Foster v. Cerro Gordo County et al

Filing 20

ORDER granting 16 Motion For Leave to Amend Complaint filed by Plaintiff Margaret R Foster. The Clerk is directed to docket the amended complaint submitted with the motion. Signed by Magistrate Judge Leonard T Strand on 4/25/2014. (des)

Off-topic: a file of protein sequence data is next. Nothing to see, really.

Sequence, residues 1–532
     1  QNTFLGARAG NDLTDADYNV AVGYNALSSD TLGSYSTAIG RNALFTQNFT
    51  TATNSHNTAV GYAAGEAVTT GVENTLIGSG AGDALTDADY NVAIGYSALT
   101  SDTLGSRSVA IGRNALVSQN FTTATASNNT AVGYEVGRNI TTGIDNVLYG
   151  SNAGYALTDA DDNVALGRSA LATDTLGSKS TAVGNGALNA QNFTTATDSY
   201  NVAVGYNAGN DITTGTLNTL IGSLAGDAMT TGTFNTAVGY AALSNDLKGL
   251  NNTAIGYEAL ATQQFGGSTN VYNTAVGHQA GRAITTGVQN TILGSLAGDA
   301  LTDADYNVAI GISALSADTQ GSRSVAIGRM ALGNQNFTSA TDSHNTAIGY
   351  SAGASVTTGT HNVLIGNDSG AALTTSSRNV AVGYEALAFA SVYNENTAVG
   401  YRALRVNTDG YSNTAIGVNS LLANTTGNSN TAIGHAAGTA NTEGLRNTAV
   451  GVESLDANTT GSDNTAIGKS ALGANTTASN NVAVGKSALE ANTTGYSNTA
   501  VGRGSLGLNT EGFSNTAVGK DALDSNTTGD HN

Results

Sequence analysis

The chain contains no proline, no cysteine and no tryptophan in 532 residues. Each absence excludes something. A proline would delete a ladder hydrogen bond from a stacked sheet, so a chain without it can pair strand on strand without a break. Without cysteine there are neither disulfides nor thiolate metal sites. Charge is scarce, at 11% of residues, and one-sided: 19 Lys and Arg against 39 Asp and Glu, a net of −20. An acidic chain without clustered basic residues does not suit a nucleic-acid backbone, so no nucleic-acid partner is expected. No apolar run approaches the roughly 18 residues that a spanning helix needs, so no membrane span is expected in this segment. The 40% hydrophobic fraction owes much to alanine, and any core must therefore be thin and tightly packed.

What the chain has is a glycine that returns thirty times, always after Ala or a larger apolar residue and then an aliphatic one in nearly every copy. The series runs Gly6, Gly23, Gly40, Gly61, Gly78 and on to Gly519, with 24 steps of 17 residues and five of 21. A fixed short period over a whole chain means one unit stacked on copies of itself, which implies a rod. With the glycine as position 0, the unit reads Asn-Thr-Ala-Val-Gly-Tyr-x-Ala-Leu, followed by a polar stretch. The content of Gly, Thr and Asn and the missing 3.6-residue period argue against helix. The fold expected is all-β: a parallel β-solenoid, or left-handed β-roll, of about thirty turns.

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IN THE UNITED STATES DISTRICT COURT FOR THE NORTHERN DISTRICT OF IOWA CENTRAL DIVISION MARGARET RAE FOSTER, Plaintiff, No. C14-3013-LTS vs. ORDER CERRO GORDO COUNTY, et al., Defendants. ____________________ This case is before me on plaintiff’s June 25, 2014, motion (Doc. No. 16) for leave to amend her complaint. The proposed amended complaint would, if allowed, add seven new defendants to this case while also adding additional allegations to Count IV. In addition to seeking leave to file the amended complaint, plaintiff seeks entry of an order finding that the amended complaint relates back to the filing of the original pleading. All existing defendants have filed resistances (Doc. Nos. 18, 19) to plaintiff’s motion. No party has requested oral argument and, in any event, I find that oral argument is not necessary. L.R. 7(c). The motion is fully submitted. BACKGROUND Plaintiff Margaret Rae Foster commenced this action in the Iowa District Court for Cerro Gordo County on January 17, 2014. Doc. No. 3. The state court petition names the following defendants: Cerro Gordo County, Iowa (County), City of Mason City (City), Roungaroun Phaiboun, additional unidentified Mason City police officers or employees, Kevin Pals, Shad Stoeffler, Terry Allen-Burns and additional unidentified Cerro Gordo County jail staff. Id. Foster contends she was arrested by Officer Phaiboun and another officer on January 19, 2012, that they inflicted a fracture dislocation to her elbow (along with other physical damage) and that they denied her requests for medical attention – instead delivering her to the County jail. Id. at ¶¶ 3-4. She further contends that she requested medical attention at the jail but jail staff ignored her requests. Id. at ¶ 5. She alleges that she was held at the jail overnight and that she underwent surgery to repair her fracture and dislocation five days after being released. Id. at ¶ 7. The petition includes causes of action for negligence, intentional or reckless infliction of injury, intentional infliction of emotional distress and violation of Foster’s constitutional rights. Id. at 6-8. Foster seeks compensatory and punitive damages, attorney fees and other relief. Id. at 9. Defendants County, Pals, Stoeffler and Allen-Burns removed the action to this court on March 3, 2014. Doc. No. 2. Defendants City and Phaiboun joined in the removal two days later. Doc. No. 6. All of the named defendants have filed answers denying liability and raising affirmative defenses. Doc. Nos. 5, 8. On April 15, 2014, I approved (with one minor exception) and entered the parties’ joint proposed scheduling order and discovery plan. Doc. No. 10. Among other things, that order established June 2, 2014, as the deadline for any motions to add parties and/or amend pleadings. Id. at 1. Discovery is scheduled to close January 30, 2015, and a jury trial is scheduled to begin August 10, 2015. Doc. Nos. 10, 11. On June 2, 2014, the deadline for any motions to amend or add parties, Foster filed an amended complaint and jury demand. Doc. No. 12. She did not file a motion for leave to do so. The defendants quickly pointed this out by moving (Doc. Nos. 14, 15) to strike the amended complaint, prompting Foster to file her present motion on June 25, 2014. On July 1, 2014, I entered an order (Doc. No. 17) granting the defendants’ motion to strike the improperly-filed amended complaint and indicating that Foster’s 2 motion for leave to amend would be considered after defendants had the opportunity to resist that motion. The resistances (Doc. Nos. 18, 19) were filed the following day. ANALYSIS I. Should Leave to Amend be Granted? A. Applicable Law A party may amend its pleading once as a matter of course within a limited period of time after filing it. Fed. R. Civ. P. 15(a)(1). Once that period has expired, a pleading may be amended “only with the opposing party's written consent or the court's leave.” Fed. R. Civ. P. 15(a)(2). Such leave, when sought, Ashall be freely given when justice so requires.@ Id. There is, however, no absolute right to amend a pleading. See, e.g., Hammer v. Osage Beach, 318 F.3d 832, 844 (8th Cir. 2003); Becker v. Univ. of Nebraska, 191 F.3d 904, 908 (8th Cir. 1999); Williams v. Little Rock Mun. Water Works, 21 F.3d 218, 224 (8th Cir. 1994). Notwithstanding Rule 15’s liberal amendment policy, a motion to amend may be denied on grounds of “undue delay, bad faith or dilatory motive on the part of the movant, ... undue prejudice to the opposing party by virtue of allowance of the amendment, [and] futility of amendment.” See Bell v. Allstate Life Ins. Co., 160 F.3d 452, 454 (8th Cir. 1998). When a motion to amend is filed beyond the scheduling order’s deadline for such motions, Rule 16(b) comes into play, as well. Scheduling orders may be modified only for Agood cause.@ Fed. R. Civ. P. 16(b)(4); see also Local Rule 16(f) (AThe deadlines established by the Rule 16(b) and 26(f) scheduling order and discovery plan will be extended only upon written motion and a showing of good cause.@). “The interplay between Rule 15(a) and Rule 16(b) is settled in this circuit.” Sherman v. Winco Fireworks, Inc., 532 F.3d 709, 716 (8th Cir. 2008). The liberal amendment standard 3 contained in Rule 15(a) applies when a motion for leave to amend is filed within the time permitted by the court’s scheduling order and discovery plan. On the other hand, “[i]f a party files for leave to amend outside of the court's scheduling order, the party must show cause to modify the schedule.” Popoalii v. Corr. Med. Servs., 512 F.3d 488, 497 (8th Cir. 2008); see also In re Milk Prods. Antitrust Litig., 195 F.3d 430, 437-38 (8th Cir. 1999) (AIf we considered only Rule 15(a) without regard to Rule 16(b), we would render scheduling orders meaningless and effectively would read Rule 16(b) and its good cause requirement out of the Federal Rules of Civil Procedure.@) (quoting Sosa v. Airprint Sys., Inc., 133 F.3d 1417, 1419 (11th Cir. 1998)). In Sherman, the Eighth Circuit Court of Appeals explained the Rule 16(b) Agood cause@ standard as follows: AThe primary measure of good cause is the movant's diligence in attempting to meet the order's requirements.@ Rahn v. Hawkins, 464 F.3d 813, 822 (8th Cir. 2006); see also Fed. R. Civ. P. 16(b), advisory committee note (1983 Amendment) (A[T]he court may modify the schedule on a showing of good cause if it cannot reasonably be met despite the diligence of the party seeking the extension.@). While the prejudice to the nonmovant resulting from modification of the scheduling order may also be a relevant factor, generally, we will not consider prejudice if the movant has not been diligent in meeting the scheduling order's deadlines. See Bradford v. DANA Corp., 249 F.3d 807, 809 (8th Cir. 2001) (concluding that there was Ano need to explore beyond the first criterion, [diligence,] because the record clearly demonstrate[d] that Bradford made only minimal efforts to satisfy the [scheduling order's] requirements@). Our cases reviewing Rule 16(b) rulings focus in the first instance (and usually solely) on the diligence of the party who sought modification of the order. See, e.g., Rahn, 464 F.3d at 822 (affirming the district court's denial of Rahn's request for a modification of the scheduling order because the record made clear that Rahn did not act diligently to meet the order's deadlines); Barstad v. Murray County, 420 F.3d 880, 883 (8th Cir. 2005) (affirming the district court's denial of leave to amend the Barstads' complaint under Rule 16(b) because the Barstads had eight months to request an amendment of the 4 scheduling order and Aknew of the claims they sought to add when they filed the original complaint@); Freeman v. Busch, 349 F.3d 582, 589 (8th Cir. 2003) (affirming, under Rule 16(b), the district court's denial of Freeman's motion to amend her complaint because she provided no reasons why the amendment could not have been made earlier or why her motion to amend was filed so late). Sherman, 532 F.3d at 716-17. Applying this standard, the court held that leave to add a new defense should have been denied, as such leave was not sought until almost eighteen months after the deadline to amend pleadings had expired. Id. at 717-18. B. Discussion 1. Rule 16 Here, as noted above, the deadline for motions to add parties and amend pleadings was June 2, 2014. Doc. No. 10. Foster filed her motion three weeks later, on June 25, 2014. This would normally require that Foster show good cause under Rule 16 for the untimely filing. Foster’s motion does not address this issue, nor do the defendants, in their respective resistances, allege that the motion should be denied because it was filed beyond the scheduling order’s deadline. It appears that all parties assume Foster’s improper filing of an amended complaint on June 2, 2014, without seeking leave to do so, was “close enough” to comply with the scheduling order’s deadline. While that assumption is certainly arguable, the fact that no defendant has raised an objection based on Foster’s failure to comply with the scheduling order persuades me that it would be inappropriate to deny the motion on that basis. Defendants were, at least, made aware of the contents of the proposed amended complaint on June 2, 2014, even though Foster failed to file the required motion. Foster then filed that motion within a reasonable time after defendants moved to strike the improperly-filed amendment. 5 Under these circumstances, I will analyze the motion under Rule 15 despite Foster’s technical failure to comply with the Rule 16(a) scheduling order. 2. Rule 15 As noted above, a motion for leave to amend may be denied under Rule 15 on grounds of “undue delay, bad faith or dilatory motive on the part of the movant, ... undue prejudice to the opposing party by virtue of allowance of the amendment, [and] futility of amendment.” Bell, 160 F.3d at 454. Here, while the parties do not couch their arguments in terms of futility, that is clearly the fighting issue. Foster’s proposed amendment would add seven new defendants and include additional allegations to Count IV. Defendants only challenge the amendment based on the alleged futility of adding the new defendants. Foster requests a finding that her amended complaint relates back to the filing of her original state court petition, which she filed on January 17, 2014. She makes this request because (a) her alleged injuries occurred on January 19 and 20, 2012, and (b) all of her claims are subject to a two-year statute of limitations. See Iowa Code 614.1(2) (two-year limitation on personal injury claims); Wycoff v. Menke, 773 F.2d 983, 984 (8th Cir. 1985) (applying Iowa Code § 614.1(2) to claims brought pursuant to 42 U.S.C. § 1983). Because Foster waited until virtually the last possible minute to commence this action, any new parties added at this stage will have viable statute of limitations arguments if the amended complaint does not relate back to the original filing date. Defendants thus devote the bulk of their resistances to arguments concerning the “relation back” request. All parties invoke Rule 15(c) which provides, in relevant part: 6 (c) Relation Back of Amendments. (1) When an Amendment Relates Back. An amendment to a pleading relates back to the date of the original pleading when: (A) the law that provides the limitations allows relation back; applicable statute (B) the amendment asserts a claim or defense that arose out of the conduct, transaction, or occurrence set out—or attempted to be set out—in the original pleading; or (C) the amendment changes the party or the naming of the party against whom a claim is asserted, if Rule 15(c)(1)(B) is satisfied and if, within the period provided by Rule 4(m) for serving the summons and complaint, the party to be brought in by amendment: (i) received such notice of the action that it will not be prejudiced in defending on the merits; and (ii) of knew or should have known that the action would have been brought against it, but for a mistake concerning the proper party's identity. Fed. R. Civ. P.15(c)(1). Foster contends that the proposed amendment qualifies for relation back under this rule, while the defendants disagree. The parties present their “relation back” arguments as if I should make a final determination, now, as to whether the proposed amendment relates back to the original petition. However, the proposed new defendants are not yet part of this case and, therefore, have not raised any arguments based on the statute of limitations. Neither plaintiff nor defendants address the issue of whether the current defendants have standing to argue that Foster’s claims against the proposed defendants are futile. Courts are 7 divided on this issue. See Agri Star Meat & Poultry, LLC v. Moriah Capital, L.P., No. C10-1019, 2011 WL 1743712, at *6-7 (N.D. Iowa May 6, 2011) (finding a current defendant could assert futility on behalf of prospective defendants where prospective defendants had close legal relationship with current defendant and it appeared likely that all defendants would be represented by the same attorneys); Custom Pak Brokerage, LLC v. Dandrea Produce, Inc., CIV. 13-5592 NLH/AMD, 2014 WL 988829 (D.N.J. Feb. 27, 2014) (finding that neither current defendants nor proposed defendant had standing to oppose motion to amend based on futility of adding defendant because of lack of personal jurisdiction). In deciding whether an amendment to add/change parties is futile, courts have considered arguments similar to the one presented here based on the statute of limitations. See Carter v. Great Am. Grp. WF, LLC, 3:11-0794, 2012 WL 3286048 (M.D. Tenn. July 23, 2012) report and recommendation adopted sub nom. Carter v. Movie Gallery US, LLC, 3-11-0794, 2012 WL 3332409 (M.D. Tenn. Aug. 10, 2012) (“Because futility is a valid objection to a motion to amend and because the district court may make the legal determination that a motion to amend is futile based on the expiration of the statute of limitations, the defendants have standing to invoke the statute of limitations as a defense against plaintiff’s motion to amend.”); Presnell v. Paulding Cnty., Ga., 454 F. App’x 763, 767-68 (11th Cir. 2011) (finding district court did not abuse its discretion in denying motion to amend to add new parties as the claims against the new parties would have been barred by the statute of limitations, and thus the amendment was futile). Based on these cases and the fact that the prospective defendants in this case have a close legal relationship with the current defendants (a factor considered in Agri Star Meat & Poultry, LLC), I will consider the futility argument presented by defendants. 8 A proposed amendment is futile if it could not survive a Rule 12 motion to dismiss. See In re Senior Cottages of Am., LLC, 482 F.3d 997, 1001 (8th Cir. 2007); Van Stelton v. Van Stelton, 904 F. Supp. 2d 965, 969 (N.D. Iowa 2012); Quality Refrigerated Services, Inc. v. City of Spencer, 908 F. Supp. 1471, 1489 (N.D. Iowa 1995). As I have recently explained: I will not deem a proposed new claim to be “futile” absent a high likelihood that it is doomed to near-certain failure. Thus, even if I have doubts about a particular claim, and suspect that it might be dismissed upon a Rule 12 motion, I will not deem it to be “futile” for purposes of Rule 15. Community Voice Line, LLC, v. Great Lakes Comm. Corp., 295 F.R.D. 313, 321 (N.D. Iowa 2013). “A court may dismiss a claim under Rule 12(b)(6) as barred by the statute of limitations if the complaint itself establishes that the claim is time-barred.” Illig v. Union Elec. Co., 652 F.3d 971, 976 (8th Cir. 2011) (citing Jessie v. Potter, 516 F.3d 709, 713 n.2 (8th Cir. 2008)). Defendants contend Foster’s claims against the proposed defendants are futile because (1) the statute of limitations for asserting such claims has expired and (2) the claims against the new defendants do not “relate back” under Rule 15(c)(1)(C). Defendants also argue that Foster has failed to demonstrate compelling circumstances for equitable tolling of the statute of limitations. Claims brought pursuant to 42 U.S.C. § 1983 for damages arising from alleged constitutional violations are subject to the statute of limitations that applies to a personal injury action in the state in which the cause of action arose. Wilson v. Garcia, 471 U.S. 261, 278–79 (1985). In Iowa, those claims are governed by Iowa's two-year statute of limitations for personal injury actions. Wycoff, 773 F.2d at 984 (applying Iowa Code § 614.1(2)). Foster’s proposed amended complaint alleges that her arrest, injuries and denial of necessary medical care occurred on January 19, 2012. Doc. No. 16-1 at 2. 9 The proposed amended complaint was filed on June 25, 2014. While it would appear that the claims against the proposed defendants are outside the two-year statute of limitations, dismissal on this basis is not so clearly warranted when considering the relation-back doctrine under Rule 15(c)(1)(C). Plaintiff characterizes her proposed amendment as a “substitution” of the named defendants for the previously “unidentified” defendants and argues her amended complaint “relates back” under Rule 15(c)(1)(C) because the named defendants had adequate notice of the lawsuit and knew action would be brought against them, but for Foster’s lack of knowledge concerning their names. Rule 15(c)(1)(C) applies when “the amendment changes the party or the naming of the party against whom a claim is asserted . . . .” Fed. R. Civ. P. 15(c)(1)(C). The Rule requires: (a) that the amendment assert a claim that arose out of the same conduct, transaction or occurrence set out in the original pleading, and (b) that within the period provided by Rule 4(m) for serving the summons and complaint, the party to be brought in by the amendment (i) “received such notice of the action that it will not be prejudiced in defending on the merits” and (ii) “knew or should have known that the action would have been brought against it, but for a mistake concerning the proper party’s identify.” Id. The issue presented here relates to the final requirement - whether listing “John Doe” defendants in the original petition can be considered a “mistake concerning the proper party’s identity.” Id. Defendants point out that several federal appellate courts have found that replacing “John Doe” defendants with named defendants does not constitute a mistake under Rule 15(c)(1)(C). See e.g., Hogan v. Fischer, 738 F.3d 509, 518 (2d Cir. 2013) (“This Court’s interpretation of Rule 15(c)(1)(C) makes clear that the lack of knowledge of a 10 John Doe defendant’s name does not constitute a ‘mistake of identity.’”)1; Smith v. City of Akron, 476 F. App’x 67, 69-70 (6th Cir. 2012) (“The problem with Smith’s amended complaint is that adding new, previously unknown defendants in place of ‘John Doe’ defendants ‘is considered a change in parties, not a mere substitution of parties,’ and ‘such amendments do not satisfy the ‘mistaken identity’ requirements of Rule 15(c).”). The Eighth Circuit Court of Appeals has not yet addressed this issue.2 Plaintiff relies on Krupski v. Costa Crociere S. p. A., 560 U.S. 538, 549 (2010), to argue that “mistake” is read broadly and that I should focus only on what the prospective defendants knew or should have known within the Rule 4(m) period without regard to plaintiff’s knowledge or her timeliness in seeking to amend. Krupski, 560 U.S. at 541. Plaintiff acknowledges that Krupski is not a case involving “John Doe” defendants. In Krupski, the plaintiff identified “Costa Cruise” as the named defendant in her original complaint. Id. at 543. Costa Cruise notified plaintiff multiple times that Costa Crociere was the proper defendant. Id. at 543-44. When Costa Cruise moved for summary judgment stating that Costa Crociere was the proper defendant, the plaintiff filed a response along with a motion to amend her complaint to add Costa Crociere as a In Hogan, a section 1983 case, the court concluded that although an amendment naming the previous “John Doe” defendants would not relate back under Rule 15(c)(1)(C), it would relate back under Rule 15(c)(1)(A) and New York law related to claims alleged against John Doe defendants. Neither side has presented an argument as to whether this provision and Iowa law would allow the amendment. 1 However, the Eighth Circuit has favorably cited Barrow v. Wethersfield, 66 F.3d 466, 467 (2d Cir. 1995), in which the Second Circuit Court of Appeals stated, “[i]t is familiar law that ‘John Doe’ pleadings cannot be used to circumvent statutes of limitations because replacing a ‘John Doe’ with a named party in effect constitutes a change in the party sued.’ Thus, ‘[s]uch an amendment may only be accomplished when all of the specifications of Fed. R. Civ. P. 15(c) are met.’” See Foulk v. Charrier, 262 F.3d 687, 696 (8th Cir. 2001) (declining to consider whether identifying a defendant by name relates back to a previously filed complaint against a “John Doe” defendant because the argument was not presented to the district court). 11 2 defendant. Id. at 544. Summary judgment was denied and plaintiff’s motion for leave to amend her complaint was granted. Costa Crociere was served with the amended complaint and Costa Cruise was dismissed pursuant to a joint stipulation. Id. Costa Crociere (represented by the same counsel as Costa Cruise) filed a motion to dismiss arguing the amended complaint did not relate back under Rule 15(c) and was untimely. Id. at 544-45. The District Court agreed, finding plaintiff had not made a mistake concerning the identity of the proper party because she had been informed of the proper defendant multiple times and delayed moving to amend to her complaint. Id. at 545-46. The Eleventh Circuit affirmed, pointing out that Costa Crociere was identified as the carrier on plaintiff’s passenger ticket such that she either knew or should have known Costa Crociere was a potential party. Id. at 546. The United States Supreme Court reversed, clarifying that Rule 15(c)(1)(C)(ii) “asks what the prospective defendant knew or should have known during the Rule 4(m) period, not what the plaintiff knew or should have known at the time of filing her original complaint.” Id. at 548 [emphasis in original]. Applying the facts, the Court considered that Costa Cruise and Costa Crociere were related entities with similar names and that Costa Crociere had contributed to the confusion by ambiguously advertising on passenger tickets that “Costa Cruises” had achieved a certification of quality. Id. at 556. The Court concluded Costa Crociere should have known that plaintiff’s failure to name it as a defendant was due to a mistake concerning the proper party’s identity. Id. at 557. Here, I find that defendants have failed to establish that there is no set of facts under which Foster could show that the prospective defendants “knew or should have known that the action would have been brought against [them], but for a mistake concerning [their] identify.” Fed. R. Civ. P. 15(c)(1)(C). There appears to be no dispute that the amended complaint is based on the same “conduct, transaction, or 12 occurrence” as the original complaint, which meets the first requirement under Rule 15(c)(1)(C). As to the other requirements, Krupski makes it clear that the determination must be made in light of what the defendants knew or should have known within 120 days3 after the petition was filed. The current record contains limited information as to whether, during that time period, the prospective defendants (1) received notice of the action such that they would not be prejudiced in defending the merits or (2) knew or should have known that the action would have been brought against them, but for a mistake of their identity. That information is also outside of the amended complaint itself. Because I cannot determine at this time that the amendment cannot relate back under Rule 15(c)(1)(C) as a matter of law, I find defendants have failed to demonstrate that plaintiff’s amendment is futile. Plaintiff’s motion for leave to file her amended complaint will be granted.4 Of course, and as noted above, a finding that the proposed amendment is not futile does not mean it is meritorious. The newly-named defendants are free to assert a statute of limitations defense once they are added to the case and present arguments as to why the claims against them do not relate back pursuant to Rule 15(c)(1)(C). CONCLUSION 3 See Fed. R. Civ. P. 4(m). Because I have not reached a conclusion as to whether plaintiff’s amended complaint relates back under Rule 15(c)(1)(C), I find it unnecessary to consider defendants’ other argument that the statute of limitations cannot be equitably tolled. 13 4 For the reasons explained above, plaintiff’s motion (Doc. No. 16) for leave to amend her complaint is granted. The Clerk is directed to docket the amended complaint (Doc. No. 16-1) submitted with the motion. IT IS SO ORDERED. DATED this 25th day of July, 2014. ________________________________ LEONARD T. STRAND UNITED STATES MAGISTRATE JUDGE 14